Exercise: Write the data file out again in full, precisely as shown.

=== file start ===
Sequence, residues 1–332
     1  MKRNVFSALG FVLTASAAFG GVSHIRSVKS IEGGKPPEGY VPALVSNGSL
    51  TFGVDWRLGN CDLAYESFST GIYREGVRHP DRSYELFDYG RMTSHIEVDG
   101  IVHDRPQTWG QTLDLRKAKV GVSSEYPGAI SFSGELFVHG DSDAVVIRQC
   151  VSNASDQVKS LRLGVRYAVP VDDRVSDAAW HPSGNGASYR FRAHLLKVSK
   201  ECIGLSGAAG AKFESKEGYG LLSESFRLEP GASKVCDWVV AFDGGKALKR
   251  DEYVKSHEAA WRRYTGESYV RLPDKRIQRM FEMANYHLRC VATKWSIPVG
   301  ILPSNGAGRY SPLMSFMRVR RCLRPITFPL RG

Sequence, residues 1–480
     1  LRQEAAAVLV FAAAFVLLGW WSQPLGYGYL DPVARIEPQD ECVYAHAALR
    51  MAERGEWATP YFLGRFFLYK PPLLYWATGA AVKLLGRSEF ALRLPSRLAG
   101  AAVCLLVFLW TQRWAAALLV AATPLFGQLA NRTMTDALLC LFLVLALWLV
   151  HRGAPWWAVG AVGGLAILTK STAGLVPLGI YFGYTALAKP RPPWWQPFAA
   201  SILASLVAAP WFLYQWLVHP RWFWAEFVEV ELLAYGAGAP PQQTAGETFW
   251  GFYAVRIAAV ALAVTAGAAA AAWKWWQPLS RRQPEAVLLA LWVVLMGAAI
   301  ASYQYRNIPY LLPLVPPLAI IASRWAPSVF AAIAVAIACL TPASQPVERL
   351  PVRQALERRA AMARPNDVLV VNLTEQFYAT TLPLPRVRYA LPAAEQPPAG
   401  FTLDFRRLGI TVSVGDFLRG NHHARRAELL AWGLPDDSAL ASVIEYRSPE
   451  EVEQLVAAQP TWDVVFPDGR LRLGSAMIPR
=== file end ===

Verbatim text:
Sequence, residues 1–332
     1  MKRNVFSALG FVLTASAAFG GVSHIRSVKS IEGGKPPEGY VPALVSNGSL
    51  TFGVDWRLGN CDLAYESFST GIYREGVRHP DRSYELFDYG RMTSHIEVDG
   101  IVHDRPQTWG QTLDLRKAKV GVSSEYPGAI SFSGELFVHG DSDAVVIRQC
   151  VSNASDQVKS LRLGVRYAVP VDDRVSDAAW HPSGNGASYR FRAHLLKVSK
   201  ECIGLSGAAG AKFESKEGYG LLSESFRLEP GASKVCDWVV AFDGGKALKR
   251  DEYVKSHEAA WRRYTGESYV RLPDKRIQRM FEMANYHLRC VATKWSIPVG
   301  ILPSNGAGRY SPLMSFMRVR RCLRPITFPL RG

Sequence, residues 1–480
     1  LRQEAAAVLV FAAAFVLLGW WSQPLGYGYL DPVARIEPQD ECVYAHAALR
    51  MAERGEWATP YFLGRFFLYK PPLLYWATGA AVKLLGRSEF ALRLPSRLAG
   101  AAVCLLVFLW TQRWAAALLV AATPLFGQLA NRTMTDALLC LFLVLALWLV
   151  HRGAPWWAVG AVGGLAILTK STAGLVPLGI YFGYTALAKP RPPWWQPFAA
   201  SILASLVAAP WFLYQWLVHP RWFWAEFVEV ELLAYGAGAP PQQTAGETFW
   251  GFYAVRIAAV ALAVTAGAAA AAWKWWQPLS RRQPEAVLLA LWVVLMGAAI
   301  ASYQYRNIPY LLPLVPPLAI IASRWAPSVF AAIAVAIACL TPASQPVERL
   351  PVRQALERRA AMARPNDVLV VNLTEQFYAT TLPLPRVRYA LPAAEQPPAG
   401  FTLDFRRLGI TVSVGDFLRG NHHARRAELL AWGLPDDSAL ASVIEYRSPE
   451  EVEQLVAAQP TWDVVFPDGR LRLGSAMIPR